Hello! Welcome back to Teach Your Child Phonics! I am really enjoying writing these – hopefully you are learning something each week! This week I am not doing a Periscope as I am not going to move onto the next set of sounds just yet. I am however, in the middle of making a video of all of the first 44 sounds I have already shown you. I will have that uploaded asap!
So last week we looked at the final few phonemes from Set 1, there are 44 basics phonemes in total and once your child knows those (or has them in their phonic repertoire) you can start to introduce the written form.
Readiness will vary from child to child, just keep an eye out for an interest in seeing you write – and make sure you actually do write in front of them (and no, using your phone or laptop does not count!!).
So how do you introduce graphemes?
Graphemes (the visual representation of a sound) are always shown in lower case so if you have been teaching capitals STOP right now! I caught my mum teaching Little G using capitals the other week and almost cried!! Capital letters come further down the line, as do the letter names.
A good way to introduce the written word is by using their name. Children are very self centred and their name is one of the most important things to them. I am not saying they need to learn how to write it at this point but you can introduce the written form and say the sounds within their name. Now, obviously names do have a capital and I have found the best approach to be honesty- just say that names are important so they have a capital letter. Children are like sponges and they will accept this information easily.
The best way to get children recognising letters is to banish the pencils for a while. Handwriting is a skill all on its own so we don’t want to confuse the situation. By using magnetic letters they can find the letters they need and start making words.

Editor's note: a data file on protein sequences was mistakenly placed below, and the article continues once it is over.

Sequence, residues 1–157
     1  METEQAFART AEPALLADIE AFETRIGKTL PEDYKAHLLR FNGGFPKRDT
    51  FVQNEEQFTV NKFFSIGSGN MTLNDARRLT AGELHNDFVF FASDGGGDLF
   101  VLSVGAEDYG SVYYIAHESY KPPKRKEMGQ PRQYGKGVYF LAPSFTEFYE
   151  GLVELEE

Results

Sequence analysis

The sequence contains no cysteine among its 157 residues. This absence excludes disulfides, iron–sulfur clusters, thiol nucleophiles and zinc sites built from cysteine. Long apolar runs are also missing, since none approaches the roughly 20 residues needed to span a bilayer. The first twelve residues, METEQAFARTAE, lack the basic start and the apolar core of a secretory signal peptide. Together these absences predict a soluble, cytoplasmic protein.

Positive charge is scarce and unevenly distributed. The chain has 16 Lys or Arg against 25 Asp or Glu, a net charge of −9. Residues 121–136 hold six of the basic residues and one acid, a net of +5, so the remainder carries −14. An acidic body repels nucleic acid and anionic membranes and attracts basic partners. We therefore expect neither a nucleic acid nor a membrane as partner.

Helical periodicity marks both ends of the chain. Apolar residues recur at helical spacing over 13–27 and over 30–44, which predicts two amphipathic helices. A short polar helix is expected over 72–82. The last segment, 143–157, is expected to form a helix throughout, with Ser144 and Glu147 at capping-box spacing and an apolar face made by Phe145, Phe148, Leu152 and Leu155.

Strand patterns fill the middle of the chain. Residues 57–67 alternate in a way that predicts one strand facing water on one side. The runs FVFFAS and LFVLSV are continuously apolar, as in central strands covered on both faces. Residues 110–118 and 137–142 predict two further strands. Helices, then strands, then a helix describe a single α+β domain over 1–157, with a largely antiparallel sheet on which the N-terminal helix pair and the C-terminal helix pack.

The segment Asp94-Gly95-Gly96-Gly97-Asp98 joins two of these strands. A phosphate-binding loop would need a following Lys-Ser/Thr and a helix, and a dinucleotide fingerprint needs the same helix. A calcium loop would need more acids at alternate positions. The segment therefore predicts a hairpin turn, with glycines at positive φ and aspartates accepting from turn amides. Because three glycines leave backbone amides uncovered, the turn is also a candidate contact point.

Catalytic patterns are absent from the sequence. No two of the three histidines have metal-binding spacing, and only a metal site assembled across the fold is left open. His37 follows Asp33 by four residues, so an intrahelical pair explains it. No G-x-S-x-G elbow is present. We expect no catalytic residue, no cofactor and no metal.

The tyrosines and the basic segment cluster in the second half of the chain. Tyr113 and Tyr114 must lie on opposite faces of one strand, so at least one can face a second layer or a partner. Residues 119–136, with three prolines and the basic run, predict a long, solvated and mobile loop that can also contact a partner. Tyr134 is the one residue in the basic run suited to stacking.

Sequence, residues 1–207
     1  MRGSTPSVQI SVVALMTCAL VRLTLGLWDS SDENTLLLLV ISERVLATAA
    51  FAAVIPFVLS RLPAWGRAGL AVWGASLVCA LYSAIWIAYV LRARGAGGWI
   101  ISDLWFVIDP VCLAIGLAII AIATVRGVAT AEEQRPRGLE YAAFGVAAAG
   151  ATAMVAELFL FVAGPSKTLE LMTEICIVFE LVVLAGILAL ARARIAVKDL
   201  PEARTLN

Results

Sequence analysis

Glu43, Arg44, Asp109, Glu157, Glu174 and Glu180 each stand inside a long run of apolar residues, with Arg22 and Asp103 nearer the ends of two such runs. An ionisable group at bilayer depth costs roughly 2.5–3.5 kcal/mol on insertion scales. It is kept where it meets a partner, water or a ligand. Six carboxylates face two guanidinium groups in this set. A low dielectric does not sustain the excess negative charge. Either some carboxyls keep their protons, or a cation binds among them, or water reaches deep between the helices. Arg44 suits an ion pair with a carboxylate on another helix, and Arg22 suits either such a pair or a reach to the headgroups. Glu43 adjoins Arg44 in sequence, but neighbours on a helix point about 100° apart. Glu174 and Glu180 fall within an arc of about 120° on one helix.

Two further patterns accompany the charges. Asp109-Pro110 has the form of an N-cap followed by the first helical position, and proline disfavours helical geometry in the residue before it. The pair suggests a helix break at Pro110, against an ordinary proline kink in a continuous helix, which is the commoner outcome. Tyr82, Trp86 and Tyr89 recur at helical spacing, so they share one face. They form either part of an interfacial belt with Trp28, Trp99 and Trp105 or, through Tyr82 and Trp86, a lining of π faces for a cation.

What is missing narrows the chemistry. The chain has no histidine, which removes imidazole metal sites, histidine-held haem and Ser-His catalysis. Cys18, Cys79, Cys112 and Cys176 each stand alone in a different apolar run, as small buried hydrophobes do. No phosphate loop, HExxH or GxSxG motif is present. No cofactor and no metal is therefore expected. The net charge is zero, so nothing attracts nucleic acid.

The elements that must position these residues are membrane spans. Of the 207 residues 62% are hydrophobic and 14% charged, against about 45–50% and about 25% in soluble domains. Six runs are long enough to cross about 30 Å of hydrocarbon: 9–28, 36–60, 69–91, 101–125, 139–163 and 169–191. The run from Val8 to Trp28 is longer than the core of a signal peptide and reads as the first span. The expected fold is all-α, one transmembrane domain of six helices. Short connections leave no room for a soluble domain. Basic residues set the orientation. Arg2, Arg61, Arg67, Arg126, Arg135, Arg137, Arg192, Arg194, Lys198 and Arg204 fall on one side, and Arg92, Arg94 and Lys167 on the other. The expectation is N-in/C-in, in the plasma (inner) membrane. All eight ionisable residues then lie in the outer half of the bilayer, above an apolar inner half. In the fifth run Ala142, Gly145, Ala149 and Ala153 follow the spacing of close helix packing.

Start off simple- find a letter and ask them to find the same one. Tell them what it says and move on to the next one. A bit like pairs but with letters!
As their interest grows you could get them to pick 3 letters- you then sound it out – does that sound like a word? Weird words are often called alien words in schools- they tell the children that they are not a real word but also show them that nothing is incorrect, that we just don’t use it in our language.
So for example if a child picked out z-o-g then you would sound it out and say zog. Now this is not a real word but we laugh at how silly it sounds as an alien word. You can then pick out 3 sounds such as c-a-t and sound it out- does that sound like a word you know?
Once again on my list, I cannot stress enough the importance of this activity! Once they are recognising letters you can point to a word and ask them if they know what it begins with. Can they guess what it might say using the pictures? Again, following on from last week and talking about rhyme, if you are reading a rhyming book you can emphasise the initial rhyme and then ask them what they think the second rhyming word might be.
Hickory dickory dock
The mouse ran up the c……
“This word begins with a c, what might it be?”
You get the idea.
Now the next couple of activities are not phonics related at all but I am throwing them out there as a means to get your child ready for writing. You may think me mad but the sooner you prepare those little hands the better!
These are the ones I mean….
Getting your children to put the coloured pegs into the holes will help strengthen their fingers and this in turn will help in future when they come to hold a pencil.
Now this type of peg I am referring to are the ones you hang out your washing with! Getting them to pinch the pegs, maybe use them to pick up little objects, will help with their grip and again, help with their finger muscles!
Next week I will be talking through how to get your child to read simple words.
See you there!